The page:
Just enough and not too much

After having watched Lisa and Jim’s session on the interactive syllabus, I am convinced by their argument that having one is a good idea. I liked Laura’s comment about how making a syllabus interactive requires student’s to look at it more than once at the beginning of the term; it is instead a much more integral part of the course. So I am planning to develop an interactive syllabus for my next course.

One thing I need to think about is where to put it. I took a look at BB, which as I mentioned in my last post I haven’t used before since my uni just switched over to it (well I have done a couple of Blackboard Collaborate sessions, but that’s about it). It is very structured, and it seemed difficult to modify, as Lisa mentioned in the session. I did like Lisa’s Moodle syllabus, but I also think that the POTCERT syllabus has some nice features, with the weekly postings of the readings and tasks for the week, so I may try to work out something similar.

In looking at the Ko and Rossen text, I found the comment that most instructors include too little detail to be an interesting one. I have no doubt that they are right about that. I suspect my inclination would be to provide too few details.  But I’m also thinking that it is equally possible to provide too many details. To have something so busy that students are distracted by it. To have it so much information and so many links and images that it is easy to get lost in them. Indeed I’ve seen a few syllabi for online courses that seemed to me way, way over the top. I suspect I wouldn’t respond well to those were I taking the course.

So a question I have, then, is this: how much is just enough and not too much?

11 thoughts on “Just enough and not too much

  1. Think about what students are looking for when they read the syllabus. They probably want to know what the next assignments is or due dates. Maybe they want the link to the discussion forum or instructions on how to submit assignments. If they can’t find what they are looking for, you may not have enough information, or you’ve included so much extra that they can’t see what they want.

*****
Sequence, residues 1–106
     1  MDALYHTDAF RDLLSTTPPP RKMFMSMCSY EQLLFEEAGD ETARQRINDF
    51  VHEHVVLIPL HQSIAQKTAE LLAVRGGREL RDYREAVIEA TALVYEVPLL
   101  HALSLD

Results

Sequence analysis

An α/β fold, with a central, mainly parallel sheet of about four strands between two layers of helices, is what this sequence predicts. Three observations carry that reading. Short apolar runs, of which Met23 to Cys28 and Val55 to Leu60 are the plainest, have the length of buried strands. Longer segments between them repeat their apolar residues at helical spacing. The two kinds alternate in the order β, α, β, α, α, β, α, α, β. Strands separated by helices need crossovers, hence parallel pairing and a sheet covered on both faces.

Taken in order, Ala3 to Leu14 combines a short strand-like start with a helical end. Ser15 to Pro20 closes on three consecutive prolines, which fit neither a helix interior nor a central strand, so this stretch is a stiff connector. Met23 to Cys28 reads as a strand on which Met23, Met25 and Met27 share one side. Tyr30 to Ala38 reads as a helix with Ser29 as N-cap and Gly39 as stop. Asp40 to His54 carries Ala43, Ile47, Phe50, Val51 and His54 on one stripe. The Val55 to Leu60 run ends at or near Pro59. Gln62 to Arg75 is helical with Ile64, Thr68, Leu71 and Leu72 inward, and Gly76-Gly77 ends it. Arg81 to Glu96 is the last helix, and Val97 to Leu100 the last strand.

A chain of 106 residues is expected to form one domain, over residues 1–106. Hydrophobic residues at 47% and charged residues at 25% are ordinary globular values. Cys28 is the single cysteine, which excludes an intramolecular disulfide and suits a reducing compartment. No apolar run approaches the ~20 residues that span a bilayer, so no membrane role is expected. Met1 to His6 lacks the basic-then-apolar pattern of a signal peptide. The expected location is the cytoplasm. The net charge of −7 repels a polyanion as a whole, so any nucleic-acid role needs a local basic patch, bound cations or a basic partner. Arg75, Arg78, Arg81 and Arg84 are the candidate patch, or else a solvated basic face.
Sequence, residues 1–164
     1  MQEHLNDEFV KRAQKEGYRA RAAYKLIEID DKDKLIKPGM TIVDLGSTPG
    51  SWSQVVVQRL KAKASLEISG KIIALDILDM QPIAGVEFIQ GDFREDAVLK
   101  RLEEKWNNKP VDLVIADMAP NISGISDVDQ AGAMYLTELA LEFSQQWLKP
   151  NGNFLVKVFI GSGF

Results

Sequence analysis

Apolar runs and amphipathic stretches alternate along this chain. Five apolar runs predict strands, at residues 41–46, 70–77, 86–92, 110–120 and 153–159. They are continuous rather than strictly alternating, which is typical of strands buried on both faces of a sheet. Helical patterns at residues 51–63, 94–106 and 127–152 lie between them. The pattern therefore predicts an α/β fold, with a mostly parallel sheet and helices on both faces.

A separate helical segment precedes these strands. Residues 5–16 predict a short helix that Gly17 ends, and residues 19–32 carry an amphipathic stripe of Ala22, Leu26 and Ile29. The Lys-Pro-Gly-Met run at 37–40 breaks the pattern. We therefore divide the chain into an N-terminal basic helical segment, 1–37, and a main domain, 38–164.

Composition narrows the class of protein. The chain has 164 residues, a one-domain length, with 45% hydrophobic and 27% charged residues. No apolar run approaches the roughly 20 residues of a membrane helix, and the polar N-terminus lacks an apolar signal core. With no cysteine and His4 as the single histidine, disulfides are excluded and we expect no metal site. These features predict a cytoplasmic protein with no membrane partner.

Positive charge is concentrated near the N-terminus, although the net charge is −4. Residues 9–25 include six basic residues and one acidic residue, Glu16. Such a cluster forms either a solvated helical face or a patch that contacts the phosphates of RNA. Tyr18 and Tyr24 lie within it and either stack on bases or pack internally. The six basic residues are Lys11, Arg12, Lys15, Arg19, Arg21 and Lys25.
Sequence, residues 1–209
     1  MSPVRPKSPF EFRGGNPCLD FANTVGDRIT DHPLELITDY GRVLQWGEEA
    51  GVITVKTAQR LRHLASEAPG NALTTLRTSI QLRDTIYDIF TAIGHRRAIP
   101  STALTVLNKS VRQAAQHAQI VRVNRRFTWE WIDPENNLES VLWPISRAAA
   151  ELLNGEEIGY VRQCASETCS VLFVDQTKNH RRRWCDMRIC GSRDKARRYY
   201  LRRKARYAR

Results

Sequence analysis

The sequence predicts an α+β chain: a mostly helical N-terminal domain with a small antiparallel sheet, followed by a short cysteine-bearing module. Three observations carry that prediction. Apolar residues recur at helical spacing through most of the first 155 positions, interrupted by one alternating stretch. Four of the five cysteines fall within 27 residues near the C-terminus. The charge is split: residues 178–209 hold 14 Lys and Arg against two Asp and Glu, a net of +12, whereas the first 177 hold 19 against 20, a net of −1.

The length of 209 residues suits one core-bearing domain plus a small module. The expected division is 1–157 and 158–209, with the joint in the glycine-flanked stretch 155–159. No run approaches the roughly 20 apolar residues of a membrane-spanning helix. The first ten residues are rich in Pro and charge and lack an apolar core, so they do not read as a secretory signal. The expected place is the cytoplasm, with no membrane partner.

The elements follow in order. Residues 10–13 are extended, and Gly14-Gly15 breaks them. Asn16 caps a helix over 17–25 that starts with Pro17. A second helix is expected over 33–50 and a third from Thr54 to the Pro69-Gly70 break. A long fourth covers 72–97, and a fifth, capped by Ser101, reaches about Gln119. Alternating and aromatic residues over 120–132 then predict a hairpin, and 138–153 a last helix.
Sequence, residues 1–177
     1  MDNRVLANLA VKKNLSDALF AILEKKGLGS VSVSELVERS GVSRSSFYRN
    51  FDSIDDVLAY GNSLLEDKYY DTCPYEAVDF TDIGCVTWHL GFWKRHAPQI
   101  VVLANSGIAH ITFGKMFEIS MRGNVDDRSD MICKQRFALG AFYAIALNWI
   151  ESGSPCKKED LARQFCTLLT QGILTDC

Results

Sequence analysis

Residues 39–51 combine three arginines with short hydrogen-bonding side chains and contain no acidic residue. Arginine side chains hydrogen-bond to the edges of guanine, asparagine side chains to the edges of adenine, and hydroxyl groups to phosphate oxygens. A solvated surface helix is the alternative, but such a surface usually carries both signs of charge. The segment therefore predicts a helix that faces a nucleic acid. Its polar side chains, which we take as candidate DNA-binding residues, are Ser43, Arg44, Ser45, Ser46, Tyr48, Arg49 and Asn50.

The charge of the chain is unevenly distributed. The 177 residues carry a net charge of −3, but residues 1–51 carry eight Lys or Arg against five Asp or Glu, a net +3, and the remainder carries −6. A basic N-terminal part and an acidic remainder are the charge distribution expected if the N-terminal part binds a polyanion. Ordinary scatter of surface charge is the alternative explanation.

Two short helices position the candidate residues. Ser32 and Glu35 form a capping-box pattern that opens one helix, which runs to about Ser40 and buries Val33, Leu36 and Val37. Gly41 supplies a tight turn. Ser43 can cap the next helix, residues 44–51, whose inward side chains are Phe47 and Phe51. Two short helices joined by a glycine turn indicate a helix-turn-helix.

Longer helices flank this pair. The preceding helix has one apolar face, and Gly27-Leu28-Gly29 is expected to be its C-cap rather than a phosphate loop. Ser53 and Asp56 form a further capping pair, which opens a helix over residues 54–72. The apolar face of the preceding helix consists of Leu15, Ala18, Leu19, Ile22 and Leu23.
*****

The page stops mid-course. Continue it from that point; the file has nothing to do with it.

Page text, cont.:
• That’s good advice, Norm. I’ll try, but potcert actually is the only thing I’ve taken online, so I’m not sure I’ll be a great judge. Maybe I should ask some students to review it before the course starts!

  2. Hi, Claire: I am thinking that making an interactive syllabus is do-able in Bb with a little creativity. If you ever want to brainstorm ideas for it, or if you come up with any, let me know! -Laura

    • Hi Laura, Thanks, may well take you up on it. I wasn’t crazy about the way BB puts stuff into categories. I think I’d kind of like the syllabus to be the main thing…is that possible in BB?

  3. Hi Clair,
    The balance here might be to maintain clarity in the content of the syllabus. Give enough information to draw the student into the course, so they are looking forward to starting it. Lastly, a sense of style to the layout of the syllabus which hints at the flow of the course.


    • Hi Walter, these are excellent points. I particularly like the idea of style conveying meaning and sequence! Claire

  4. I think students really just focus on the dates and assignments when they look at the syllabus. Most of the time I have experienced teachers asking for questions about the syllabus and no one is concerned with where the images came from or why there is color but more about the grading system and the assignments which leads me to believe this is most of the concern. So, to answer the question less is better, stick to the important things like grades, dates, and assignments.

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